Sitting round the table are experts in everything from psychology and bioethics to space science. Pat Kuhl, an expert in early child learning from the University of Washington, wonders what learning everything online will do to young brains. The consensus around the table is that good or bad, the move into virtual reality environments is inevitable. "So letís try and offer something more than games," says Djorgovski.
In a subsequent session on childrenís minds, Kuhl tells us about the importance of social cues in early learning. For example, itís well-known that babies differ in their ability to distinguish sounds, depending on the language they are exposed to, by the time they are 10-12 months old. But Kuhl and her colleagues have recently shown that simply hearing the sounds is not enough. After a few sessions with a Mandarin speaker, American babies could distinguish certain sounds as well as Taiwanese babies, but those given the same exposure via audio or video learned nothing.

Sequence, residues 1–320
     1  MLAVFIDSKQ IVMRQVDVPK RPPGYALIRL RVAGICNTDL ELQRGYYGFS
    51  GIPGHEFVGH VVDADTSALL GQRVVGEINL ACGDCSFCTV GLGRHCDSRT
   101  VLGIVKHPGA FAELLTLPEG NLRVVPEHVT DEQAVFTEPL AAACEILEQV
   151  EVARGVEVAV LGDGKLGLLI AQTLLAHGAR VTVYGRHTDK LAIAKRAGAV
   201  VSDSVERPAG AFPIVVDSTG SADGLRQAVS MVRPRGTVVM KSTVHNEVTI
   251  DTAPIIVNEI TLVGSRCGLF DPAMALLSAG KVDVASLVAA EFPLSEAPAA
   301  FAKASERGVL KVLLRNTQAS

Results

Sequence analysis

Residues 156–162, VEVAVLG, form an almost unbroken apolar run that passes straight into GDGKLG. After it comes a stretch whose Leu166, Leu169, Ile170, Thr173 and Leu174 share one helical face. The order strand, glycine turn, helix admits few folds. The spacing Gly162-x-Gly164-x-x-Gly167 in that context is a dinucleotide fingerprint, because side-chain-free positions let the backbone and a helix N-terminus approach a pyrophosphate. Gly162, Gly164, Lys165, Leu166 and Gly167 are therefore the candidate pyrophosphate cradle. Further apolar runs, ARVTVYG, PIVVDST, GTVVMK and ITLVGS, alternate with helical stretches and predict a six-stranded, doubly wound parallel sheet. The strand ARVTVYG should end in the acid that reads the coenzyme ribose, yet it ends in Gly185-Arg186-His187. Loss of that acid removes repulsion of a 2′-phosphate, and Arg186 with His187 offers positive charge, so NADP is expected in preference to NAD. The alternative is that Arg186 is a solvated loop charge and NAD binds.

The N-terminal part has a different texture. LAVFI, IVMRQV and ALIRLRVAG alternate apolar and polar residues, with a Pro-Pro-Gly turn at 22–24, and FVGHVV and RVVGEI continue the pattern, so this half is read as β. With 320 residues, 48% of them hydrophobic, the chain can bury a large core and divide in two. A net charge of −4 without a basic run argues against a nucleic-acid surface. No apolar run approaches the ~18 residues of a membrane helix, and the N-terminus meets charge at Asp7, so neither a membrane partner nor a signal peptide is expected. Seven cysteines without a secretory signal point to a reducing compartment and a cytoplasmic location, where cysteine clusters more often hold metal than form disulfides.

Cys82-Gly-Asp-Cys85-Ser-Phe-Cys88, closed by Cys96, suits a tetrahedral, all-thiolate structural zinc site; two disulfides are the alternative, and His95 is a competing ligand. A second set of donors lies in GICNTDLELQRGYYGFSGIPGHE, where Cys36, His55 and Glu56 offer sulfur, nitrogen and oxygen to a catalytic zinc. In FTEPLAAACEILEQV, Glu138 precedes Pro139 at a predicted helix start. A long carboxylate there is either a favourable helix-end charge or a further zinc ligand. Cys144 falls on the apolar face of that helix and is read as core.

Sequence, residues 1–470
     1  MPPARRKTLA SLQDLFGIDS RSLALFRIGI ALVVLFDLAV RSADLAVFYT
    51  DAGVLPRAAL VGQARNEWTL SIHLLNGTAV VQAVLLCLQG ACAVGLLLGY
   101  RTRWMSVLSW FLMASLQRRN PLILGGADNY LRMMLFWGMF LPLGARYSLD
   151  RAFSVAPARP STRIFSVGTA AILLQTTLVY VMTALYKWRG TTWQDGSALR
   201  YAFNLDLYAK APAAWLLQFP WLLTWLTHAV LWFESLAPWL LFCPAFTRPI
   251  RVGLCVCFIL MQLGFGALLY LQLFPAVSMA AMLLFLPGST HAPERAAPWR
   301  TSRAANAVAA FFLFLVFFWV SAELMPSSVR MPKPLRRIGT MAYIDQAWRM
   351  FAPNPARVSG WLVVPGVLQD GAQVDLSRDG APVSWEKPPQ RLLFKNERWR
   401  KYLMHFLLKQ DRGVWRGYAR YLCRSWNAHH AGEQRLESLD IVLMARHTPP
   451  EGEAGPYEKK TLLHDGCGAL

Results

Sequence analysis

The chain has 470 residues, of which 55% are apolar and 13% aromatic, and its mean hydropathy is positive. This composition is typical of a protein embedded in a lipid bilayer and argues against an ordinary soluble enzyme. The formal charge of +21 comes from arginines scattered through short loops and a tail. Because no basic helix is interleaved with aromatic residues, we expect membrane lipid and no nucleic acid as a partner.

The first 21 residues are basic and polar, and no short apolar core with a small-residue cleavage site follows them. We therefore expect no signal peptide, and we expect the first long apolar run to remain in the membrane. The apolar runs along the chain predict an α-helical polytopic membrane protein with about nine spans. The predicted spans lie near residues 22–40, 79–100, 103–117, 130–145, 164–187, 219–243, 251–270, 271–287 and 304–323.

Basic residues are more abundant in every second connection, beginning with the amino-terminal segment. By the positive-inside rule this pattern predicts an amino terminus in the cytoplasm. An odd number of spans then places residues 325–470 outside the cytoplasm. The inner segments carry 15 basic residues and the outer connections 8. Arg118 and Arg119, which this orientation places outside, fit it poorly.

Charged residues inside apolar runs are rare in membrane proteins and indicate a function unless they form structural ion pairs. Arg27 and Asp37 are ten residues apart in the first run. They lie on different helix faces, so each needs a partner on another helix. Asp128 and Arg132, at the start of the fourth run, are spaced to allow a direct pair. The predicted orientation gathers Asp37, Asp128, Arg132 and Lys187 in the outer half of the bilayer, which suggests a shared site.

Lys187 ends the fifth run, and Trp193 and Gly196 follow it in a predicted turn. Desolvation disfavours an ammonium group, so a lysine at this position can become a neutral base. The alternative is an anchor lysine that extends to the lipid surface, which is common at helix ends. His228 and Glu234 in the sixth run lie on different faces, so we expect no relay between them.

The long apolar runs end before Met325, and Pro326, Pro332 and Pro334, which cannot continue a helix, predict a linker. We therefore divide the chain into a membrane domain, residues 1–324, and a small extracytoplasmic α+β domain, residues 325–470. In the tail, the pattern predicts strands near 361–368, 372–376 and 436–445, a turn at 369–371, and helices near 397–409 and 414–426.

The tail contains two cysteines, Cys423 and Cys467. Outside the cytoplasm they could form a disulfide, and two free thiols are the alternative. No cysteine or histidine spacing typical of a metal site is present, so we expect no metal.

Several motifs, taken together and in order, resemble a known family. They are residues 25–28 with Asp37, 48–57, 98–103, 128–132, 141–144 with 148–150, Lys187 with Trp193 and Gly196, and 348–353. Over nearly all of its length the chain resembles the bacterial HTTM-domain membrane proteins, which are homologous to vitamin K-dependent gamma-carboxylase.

So if we donít want kidsí brains to atrophy in an increasingly virtual world, we must work out how to incorporate the relevant social cues. Kuhl has already found that making the TV screen interactive, so babies can turn it on and off by slapping it, increases - a little bit - how much they learn. Sheís now experimenting with web cams.
In the afternoon, UK journalist and commentator Andrew Marr tackles the question of what will happen to journalism in an online world, particularly as e-readers like the iPad - which Marr calls a "great engine of destruction" - become ubiquitous.
The media we consume will no longer be just words, or just pictures, but a collision of text, video, audio and animated graphics. And people will be able to choose individual items to consume, rather than buying a whole newspaper or watching just one channel.